What’s better than seeking out plastic toys full of candy, dressing up in your best clothes, and having the chance to win a competition? Easter eggs hunts have a little bit of something for everyone involved. As Easter approaches, we figured it was only appropriate to describe the 5 different type of kids in an Easter egg hunt.
This little one might as well be strolling through the woods on a fine summer day. They are just taking it all in and might pick up an egg or two if it stumbles along their path. This child is more likely to be found looking up into the sky than down for those eggs.
The Hunger Games Candidate
You might mistake this child for one from the 13 districts. They run from egg to egg picking them up with speed only a truly determined child could conjure up. This child isn’t above pushing smaller children out of the way to snatch that golden egg (not recommended).
The Dynamic Duo
These siblings are often found attached at the hip. Pointing out eggs and picking them up together, they are cute as a button. They may be slower than the rest, but should get extra points for teamwork.
Each egg is meticulously counted and placed carefully in the bin. This child is tactical and locates the prime egg hiding spots quickly. They are able to calculate just how many eggs they need to win the competition.
The Sweet Tooth
This child is more interested in the candy than the competition. Sometimes they are found munching on jelly beans as they search for the rest of the hidden sweet treats. This child loves Easter almost as much as Halloween.
Happy egg hunting, everyone! And may the odds ever be in your favor.
Dana and Emily Peoples are just like all sisters. At times they are best friends, laughing and watching TV together. Emily is a proud older sister, often showing her friends photos of her sister and boasting about how wonderful she is. Sometimes they bicker over frivolous things, like who gets the TV remote. They take selfies and dance in the car. They laugh and love each other. But unlike most siblings, Dana has Down syndrome and autism.
Growing up Emily acted like a third parent. She looked out for her sister, always making sure she knew where she was. Eating together and making sure she didn’t choke. Playing together and keeping a watchful eye. Encouraging her to get outside and exercise. Advocating and standing up for her.
“I helped be her voice,” Emily says.
For Emily and her family, Dana is nothing but a blessing. You see they have this family poem that they like to read. It’s called “Welcome to Holland”. It’s a beautiful poem about planning a trip to Italy. You have all of the guidebooks prepared, all the destinations mapped out and activities planned out. But when you land, the stewardess says you’ve landed in Holland. And while it may not have been the trip you planned out, it is just as beautiful and perfect. That’s how Dana’s life has been in the Peoples’s eyes. Maybe they landed in Holland, but what a magnificent place to be.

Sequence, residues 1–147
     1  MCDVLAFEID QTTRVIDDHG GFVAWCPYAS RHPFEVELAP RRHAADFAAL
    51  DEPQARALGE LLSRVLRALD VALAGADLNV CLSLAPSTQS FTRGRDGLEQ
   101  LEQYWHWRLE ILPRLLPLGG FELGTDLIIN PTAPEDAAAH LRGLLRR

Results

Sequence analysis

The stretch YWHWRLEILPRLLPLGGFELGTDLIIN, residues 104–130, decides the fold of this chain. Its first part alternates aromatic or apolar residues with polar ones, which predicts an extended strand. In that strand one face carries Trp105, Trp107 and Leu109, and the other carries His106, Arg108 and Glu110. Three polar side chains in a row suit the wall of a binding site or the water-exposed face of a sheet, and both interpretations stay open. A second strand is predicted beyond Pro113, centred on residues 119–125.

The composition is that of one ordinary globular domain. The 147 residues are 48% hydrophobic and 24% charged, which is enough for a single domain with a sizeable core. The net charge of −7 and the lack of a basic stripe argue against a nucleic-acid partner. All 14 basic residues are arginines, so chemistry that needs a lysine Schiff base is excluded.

As Dana got older, her family became a guiding light for other families who had a newborn with down syndrome. They visited the babies and their families in the hospital and provided support. Introducing the families to their new and loving community.
When Emily was a child she had two paths she could have gone down. The first being a path of jealousy and destruction. The second a winding path, full of love and acceptance. Emily choose the second one. Her sister Dana served as an inspiration and Emily volunteered her time at Balance 180, working with athletes with special needs and ultimately choosing to become a pediatric occupational therapist. Emily is currently enrolled in the Occupational Therapy program at the University of St. Augustine for Health Sciences. Her sister Dana recently visited Emily in her class and interacted with some Emily’s peers, some of whom had never held a conversation with someone who has special needs.
Emily says, “I can use my experiences to help other kids and families.” She knows what it’s like to live with an individual who has special needs. She knows how every struggle can seem so difficult but every victory so big. She knows the value and the love that children with special needs possess and she knows the greatest secret of all. If we can just slow down and give people with Down syndrome and other disabilities our undivided attention, our lives will undoubtedly be enriched.